Yankees at Phillies game postponed after Marlins' positive COVID-19 tests

PHILADELPHIA (WPVI) -- More than a dozen members of the Miami Marlins, including 11 players and two coaches, have tested positive for COVID-19 while in Philadelphia, ESPN's Jeff Pasan reported Monday morning.

That's up from the four players who had tested positive as of Sunday.

The team wrapped a series against the Phillies on Sunday at Citizens Bank Park, and were set to fly home to Miami on Monday.

However, their flight home has been canceled, Action News has learned.

Major League Baseball announced the postponement of both Miami's home opener against the Orioles and the Phillies home game against the Yankees on Monday.

Commissioner Rob Manfred announced in an interview on MLB Network that the Marlins game against the Baltimore Orioles would be postponed.

Manfred also says that if the results from the additional COVID-19 testing are acceptable, the Marlins and Orioles will resume playing on Wednesday in Baltimore.

Under MLB guidelines, the players will be isolated from the team until they test negative twice at least 24 hours apart, show no symptoms for 72 hours, and receive approval from team doctors.

Phillies manager Joe Girardi said on Sunday the players were texted early in the day to know that a potential coronavirus outbreak had affected the Marlins.

"You have to be safe. You can't really be in contact with a lot of people because you put everybody in danger," he said.

Jose Urena, Miami's opening day starter in 2018 and 2019, was bumped from his start about 90 minutes before the first pitch. The Marlins did not disclose the reason.

According to ESPN, Urena and three other Marlins players were the first four to test positive.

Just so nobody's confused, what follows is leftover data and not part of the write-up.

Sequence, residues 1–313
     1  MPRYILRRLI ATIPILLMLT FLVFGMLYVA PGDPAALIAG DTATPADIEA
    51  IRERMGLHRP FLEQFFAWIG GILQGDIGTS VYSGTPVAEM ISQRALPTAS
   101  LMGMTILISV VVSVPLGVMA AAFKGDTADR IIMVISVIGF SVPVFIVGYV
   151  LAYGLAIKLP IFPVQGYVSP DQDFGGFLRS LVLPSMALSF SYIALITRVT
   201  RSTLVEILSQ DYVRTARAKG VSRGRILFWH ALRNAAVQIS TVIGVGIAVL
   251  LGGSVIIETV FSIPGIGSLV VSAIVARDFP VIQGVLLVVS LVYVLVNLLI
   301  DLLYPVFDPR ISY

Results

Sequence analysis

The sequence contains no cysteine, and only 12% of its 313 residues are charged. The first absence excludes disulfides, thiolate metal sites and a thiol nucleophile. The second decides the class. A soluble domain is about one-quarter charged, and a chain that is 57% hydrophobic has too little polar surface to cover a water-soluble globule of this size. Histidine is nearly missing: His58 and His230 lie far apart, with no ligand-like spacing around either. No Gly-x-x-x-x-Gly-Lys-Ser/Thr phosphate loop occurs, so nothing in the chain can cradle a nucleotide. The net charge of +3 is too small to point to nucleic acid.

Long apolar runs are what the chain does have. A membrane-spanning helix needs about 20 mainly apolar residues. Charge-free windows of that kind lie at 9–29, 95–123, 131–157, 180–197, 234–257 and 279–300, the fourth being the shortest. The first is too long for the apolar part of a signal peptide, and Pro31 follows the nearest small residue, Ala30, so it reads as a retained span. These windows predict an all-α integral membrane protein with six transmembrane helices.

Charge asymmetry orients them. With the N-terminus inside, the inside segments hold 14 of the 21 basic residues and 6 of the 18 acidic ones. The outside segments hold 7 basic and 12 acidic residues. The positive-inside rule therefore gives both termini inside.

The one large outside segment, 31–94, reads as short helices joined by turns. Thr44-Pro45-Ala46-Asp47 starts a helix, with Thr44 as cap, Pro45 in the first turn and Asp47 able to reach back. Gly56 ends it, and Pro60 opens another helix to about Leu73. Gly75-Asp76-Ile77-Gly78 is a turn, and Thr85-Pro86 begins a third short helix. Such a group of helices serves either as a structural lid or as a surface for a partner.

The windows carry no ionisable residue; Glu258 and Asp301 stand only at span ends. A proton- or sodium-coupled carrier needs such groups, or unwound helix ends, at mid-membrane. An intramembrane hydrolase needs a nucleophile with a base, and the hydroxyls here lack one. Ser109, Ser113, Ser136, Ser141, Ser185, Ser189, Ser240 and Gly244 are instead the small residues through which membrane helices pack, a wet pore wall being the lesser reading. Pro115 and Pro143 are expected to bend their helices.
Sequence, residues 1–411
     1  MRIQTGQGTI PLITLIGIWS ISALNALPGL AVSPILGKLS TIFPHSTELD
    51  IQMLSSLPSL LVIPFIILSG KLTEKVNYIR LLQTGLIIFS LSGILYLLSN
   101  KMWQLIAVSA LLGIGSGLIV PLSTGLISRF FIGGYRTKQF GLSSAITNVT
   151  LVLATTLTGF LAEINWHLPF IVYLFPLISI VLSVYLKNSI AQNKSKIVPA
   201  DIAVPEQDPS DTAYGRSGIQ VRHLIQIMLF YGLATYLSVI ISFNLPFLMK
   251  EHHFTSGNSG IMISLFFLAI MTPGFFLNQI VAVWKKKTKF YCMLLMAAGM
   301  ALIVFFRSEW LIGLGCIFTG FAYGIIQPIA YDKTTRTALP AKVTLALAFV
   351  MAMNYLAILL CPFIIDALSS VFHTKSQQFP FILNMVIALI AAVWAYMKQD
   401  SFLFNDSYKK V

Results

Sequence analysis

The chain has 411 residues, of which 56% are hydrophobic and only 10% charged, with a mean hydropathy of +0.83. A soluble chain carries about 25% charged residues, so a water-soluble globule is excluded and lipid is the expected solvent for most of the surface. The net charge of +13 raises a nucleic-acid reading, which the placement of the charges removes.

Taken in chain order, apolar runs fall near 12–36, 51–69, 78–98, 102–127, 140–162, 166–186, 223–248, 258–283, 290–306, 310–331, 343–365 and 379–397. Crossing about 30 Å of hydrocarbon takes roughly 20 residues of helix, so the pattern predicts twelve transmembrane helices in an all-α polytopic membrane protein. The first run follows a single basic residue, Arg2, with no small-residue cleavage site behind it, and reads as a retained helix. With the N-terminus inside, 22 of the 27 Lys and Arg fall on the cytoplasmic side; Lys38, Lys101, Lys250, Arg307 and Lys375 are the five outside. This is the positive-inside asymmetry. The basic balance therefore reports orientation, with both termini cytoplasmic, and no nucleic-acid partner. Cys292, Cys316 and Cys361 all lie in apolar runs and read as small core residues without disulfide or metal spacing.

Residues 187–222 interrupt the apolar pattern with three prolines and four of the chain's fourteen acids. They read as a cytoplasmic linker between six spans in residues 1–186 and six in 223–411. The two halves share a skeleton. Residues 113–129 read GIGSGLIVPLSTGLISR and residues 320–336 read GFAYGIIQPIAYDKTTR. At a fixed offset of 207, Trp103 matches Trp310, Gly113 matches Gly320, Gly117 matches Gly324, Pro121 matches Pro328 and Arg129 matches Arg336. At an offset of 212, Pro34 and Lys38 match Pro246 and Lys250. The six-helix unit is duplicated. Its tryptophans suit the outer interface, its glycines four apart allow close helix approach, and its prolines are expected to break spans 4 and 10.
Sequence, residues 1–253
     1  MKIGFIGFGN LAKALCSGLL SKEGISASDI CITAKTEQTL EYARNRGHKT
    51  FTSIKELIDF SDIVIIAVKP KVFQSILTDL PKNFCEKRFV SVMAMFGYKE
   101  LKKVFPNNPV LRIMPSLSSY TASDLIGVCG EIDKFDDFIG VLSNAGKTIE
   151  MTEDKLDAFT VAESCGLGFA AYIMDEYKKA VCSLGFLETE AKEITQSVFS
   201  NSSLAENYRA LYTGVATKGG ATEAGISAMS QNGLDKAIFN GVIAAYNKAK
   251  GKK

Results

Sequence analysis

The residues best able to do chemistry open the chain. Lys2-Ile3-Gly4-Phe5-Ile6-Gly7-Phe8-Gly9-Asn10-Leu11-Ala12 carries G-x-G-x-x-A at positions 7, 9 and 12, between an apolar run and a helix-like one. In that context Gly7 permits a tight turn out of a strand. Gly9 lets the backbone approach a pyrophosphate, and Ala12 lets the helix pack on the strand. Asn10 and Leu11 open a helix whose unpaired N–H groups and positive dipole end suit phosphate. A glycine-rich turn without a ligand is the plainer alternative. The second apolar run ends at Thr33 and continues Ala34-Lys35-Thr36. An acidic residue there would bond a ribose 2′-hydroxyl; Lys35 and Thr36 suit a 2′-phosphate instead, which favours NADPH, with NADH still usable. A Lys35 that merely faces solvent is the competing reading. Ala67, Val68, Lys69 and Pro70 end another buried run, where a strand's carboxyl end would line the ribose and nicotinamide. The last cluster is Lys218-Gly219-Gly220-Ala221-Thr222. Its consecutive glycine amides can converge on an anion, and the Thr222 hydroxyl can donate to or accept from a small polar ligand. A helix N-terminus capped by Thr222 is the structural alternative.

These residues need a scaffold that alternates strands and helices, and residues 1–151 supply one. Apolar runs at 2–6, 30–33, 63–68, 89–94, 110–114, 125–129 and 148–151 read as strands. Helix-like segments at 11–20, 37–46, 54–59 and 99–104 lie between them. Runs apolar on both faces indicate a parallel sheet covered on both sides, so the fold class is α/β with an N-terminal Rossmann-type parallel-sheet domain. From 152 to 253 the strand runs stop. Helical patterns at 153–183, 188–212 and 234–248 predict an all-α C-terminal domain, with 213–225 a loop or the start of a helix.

The Marlins did not consider sitting out Sunday's game.

"We're taking risks every day," Marlins manager Don Mattingly said on Sunday. "That's what the players all around the league are doing. You travel all the time .. it's a risk that we take. We're going to have to be adjustable, we're going to have to be flexible, we're going to have to be patient."

The Marlins' precarious health raised anew doubts about MLB's ability to finish the season during a pandemic. In Cincinnati, Reds second baseman Mike Moustakas and center fielder Nick Senzel felt sick Sunday, a day after a teammate went on the injured list because he tested positive for COVID-19.

The Marlins played exhibition games at Atlanta on Tuesday and Wednesday against the Braves, who have since been without their top two catchers, Tyler Flowers and Travis d'Arnaud, after both players showed symptoms of COVID-19.

Mattingly declined to say whether he thought the Marlins' health issues were related to the Atlanta stop. Miami is a hot spot for the pandemic, but on Sunday, Mattingly said he feels safer there. "You feel safe at the ballpark; I feel safe with my surroundings going home," he said. "It's a lot scarier on the road."

Just a short distance away from Citizens Bank Park, the Philadelphia Eagles and head coach Doug Pederson were getting ready for training camp at the NovaCare Complex.

Pederson said the plans and protocols put into place by the NFL and the Players Association gives him hope.

"The virus is real and and we do everything we can in our powers to stay safe protecting ourselves," he said.

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Eagles head coach Doug Pederson reacts to the COVID-19 worries in Major League Baseball as training camp set to begin.

ESPN and the Associated Press contributed to this report
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